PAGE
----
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80 years of Q&Q: getting personal with CanLit personalities

Findley2In 1956, Timothy Findley published his debut story in the Tamarack Review, motivated by some friendly generational griping from his friend, actress Ruth Gordon (Harold and Maude).

During a 1981 interview with Canadian Literature, Findley recalled attending an exhibition of painters under the age of 30 with Gordon. “Ruth asked me, ‘Why are you people so damned negative about everything? All those pictures were black, depressing. Can’t you say yes to anything?’ Secretly I decided to prove that we’re not. I went back to my digs and I wrote a story. It was called ‘About Effie,’ about one of the maids who worked at our house when I was a kid. The next day Ruth said to me, ‘Oh, Tiffy, you really shouldn’t be acting at all, you should be writing.’ (Which is a lovely thing to be told when you want to be an actor.)”



(photo: Paul Orenstein)

Twenty-six-year-old Leonard Cohen published his 1961 poetry collection, The Spice-Box of Earth, with McClelland & Stewart, then promptly took off for his house on the Greek island of Hydra to hang out with a gal named Marianne.


Robertson Davies’ appointment as head of the University of Toronto’s new graduate college in 1963 gave Canadian literature not only the spritely collection of ghost stories High Spirits, but also The Rebel Angels, thought to have been inspired by his time at Massey.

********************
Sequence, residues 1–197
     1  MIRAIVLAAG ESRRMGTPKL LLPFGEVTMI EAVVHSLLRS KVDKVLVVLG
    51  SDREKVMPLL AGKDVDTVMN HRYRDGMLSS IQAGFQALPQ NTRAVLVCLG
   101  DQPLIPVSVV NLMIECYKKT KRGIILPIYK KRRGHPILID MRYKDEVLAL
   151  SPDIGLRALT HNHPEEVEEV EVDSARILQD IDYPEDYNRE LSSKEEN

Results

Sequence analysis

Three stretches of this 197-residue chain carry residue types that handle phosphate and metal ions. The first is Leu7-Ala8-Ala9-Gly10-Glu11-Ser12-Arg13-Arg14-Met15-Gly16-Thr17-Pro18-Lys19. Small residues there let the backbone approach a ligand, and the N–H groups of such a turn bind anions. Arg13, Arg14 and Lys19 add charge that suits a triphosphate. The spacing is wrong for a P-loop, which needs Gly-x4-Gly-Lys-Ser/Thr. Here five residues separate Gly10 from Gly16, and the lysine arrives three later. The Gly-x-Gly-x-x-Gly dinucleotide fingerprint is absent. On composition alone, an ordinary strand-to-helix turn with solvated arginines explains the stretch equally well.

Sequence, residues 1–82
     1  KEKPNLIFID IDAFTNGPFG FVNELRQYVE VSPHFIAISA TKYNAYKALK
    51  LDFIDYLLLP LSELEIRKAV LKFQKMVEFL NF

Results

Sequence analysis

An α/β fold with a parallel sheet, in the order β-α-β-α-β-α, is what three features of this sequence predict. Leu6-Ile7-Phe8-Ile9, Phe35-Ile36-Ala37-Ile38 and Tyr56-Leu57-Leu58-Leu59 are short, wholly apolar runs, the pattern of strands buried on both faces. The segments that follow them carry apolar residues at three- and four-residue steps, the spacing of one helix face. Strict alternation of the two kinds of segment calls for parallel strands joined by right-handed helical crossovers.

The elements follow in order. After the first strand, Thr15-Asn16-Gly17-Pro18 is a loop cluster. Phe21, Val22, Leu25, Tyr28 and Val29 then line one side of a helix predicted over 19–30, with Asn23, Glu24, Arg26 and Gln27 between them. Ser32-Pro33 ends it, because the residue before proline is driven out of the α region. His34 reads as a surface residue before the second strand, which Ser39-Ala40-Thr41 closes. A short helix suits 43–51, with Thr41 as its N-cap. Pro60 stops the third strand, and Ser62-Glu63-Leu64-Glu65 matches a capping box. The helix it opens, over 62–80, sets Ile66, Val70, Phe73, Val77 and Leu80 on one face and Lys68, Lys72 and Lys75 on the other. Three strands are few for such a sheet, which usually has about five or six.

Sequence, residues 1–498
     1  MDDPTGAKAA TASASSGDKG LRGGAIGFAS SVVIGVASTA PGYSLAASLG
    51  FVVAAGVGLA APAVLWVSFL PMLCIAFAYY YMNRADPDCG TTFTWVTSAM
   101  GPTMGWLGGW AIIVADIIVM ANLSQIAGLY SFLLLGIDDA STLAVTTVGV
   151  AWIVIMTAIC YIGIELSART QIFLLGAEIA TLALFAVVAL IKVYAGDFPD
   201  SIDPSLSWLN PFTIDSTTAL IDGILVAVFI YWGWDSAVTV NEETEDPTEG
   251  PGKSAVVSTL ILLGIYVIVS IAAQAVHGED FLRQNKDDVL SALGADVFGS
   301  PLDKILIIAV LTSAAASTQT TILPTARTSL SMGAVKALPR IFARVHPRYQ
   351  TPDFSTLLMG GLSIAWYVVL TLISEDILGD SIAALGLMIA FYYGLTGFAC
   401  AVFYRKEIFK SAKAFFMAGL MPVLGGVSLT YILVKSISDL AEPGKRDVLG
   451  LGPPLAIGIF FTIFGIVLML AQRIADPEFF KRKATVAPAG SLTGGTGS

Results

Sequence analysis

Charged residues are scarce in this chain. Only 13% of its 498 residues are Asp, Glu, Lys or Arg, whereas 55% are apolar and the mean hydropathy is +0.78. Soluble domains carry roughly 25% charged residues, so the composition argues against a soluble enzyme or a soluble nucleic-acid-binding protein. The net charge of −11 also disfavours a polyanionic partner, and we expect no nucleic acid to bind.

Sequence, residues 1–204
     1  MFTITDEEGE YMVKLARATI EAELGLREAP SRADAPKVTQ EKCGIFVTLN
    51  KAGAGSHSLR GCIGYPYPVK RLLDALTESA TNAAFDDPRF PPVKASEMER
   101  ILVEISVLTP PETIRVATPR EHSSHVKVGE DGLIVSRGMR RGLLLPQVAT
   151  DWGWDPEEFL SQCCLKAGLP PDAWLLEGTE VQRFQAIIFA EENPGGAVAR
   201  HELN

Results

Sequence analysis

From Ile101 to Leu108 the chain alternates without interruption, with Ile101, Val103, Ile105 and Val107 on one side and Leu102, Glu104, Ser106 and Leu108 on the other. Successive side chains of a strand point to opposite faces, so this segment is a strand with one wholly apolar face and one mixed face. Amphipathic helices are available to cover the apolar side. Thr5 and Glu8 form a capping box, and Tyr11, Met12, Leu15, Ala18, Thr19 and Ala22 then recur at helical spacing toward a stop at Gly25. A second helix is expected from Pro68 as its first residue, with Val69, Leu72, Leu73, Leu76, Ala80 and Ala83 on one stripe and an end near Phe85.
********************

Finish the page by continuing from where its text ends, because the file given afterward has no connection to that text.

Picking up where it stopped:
George Elliott Clarke, winner of the 2001 Governor General’s Literary Award for poetry for Execution Poems: The Black Acadian Tragedy of George and Rue (Gaspereau Press), coined the term “Africadian literature,” in reference to descendants of black United Empire Loyalists who arrived in the Maritimes during the 18th century.

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Alice Munro

More than 20 years after first submitting her work to The New Yorker, Alice Munro made her debut in the March 14, 1977, issue of the magazine with her story “Royal Beatings.” The future Nobel Prize laureate told The Paris Review in 1994 that the early rejection letters “weren’t terribly encouraging.”


80-40Unlike some writers, Crad Kilodney can get arrested

In the 1980s and ’90s, Crad Kilodney was a familiar feature on the streets of downtown Toronto, sullenly hawking his self-published chapbooks (with titles such as Putrid Scum and Lightning Struck My Dick). An early proponent of DIY publishing, Kilodney ran afoul of the Toronto police in 1991, when it was discovered he was hand-selling his publications on the street without a licence. In a Globe and Mail obituary following Kilodney’s death from cancer in 2014, Martin Levin wrote that the author’s arrest made history: Kilodney became “the first Canadian writer ever prosecuted for attempting to sell his own work.”



(photo: Bill Taylor)

A former newspaper humour columnist is an unlikely candidate to become an internationally honoured thriller writer, but that’s exactly what happened in 2008 when the novel No Time for Goodbye (Bantam) became a hit for the Toronto Star’s Linwood Barclay. The book, about a woman haunted by the disappearance of her family, was named the year’s best-selling novel in the U.K., and has been translated into more than 40 languages.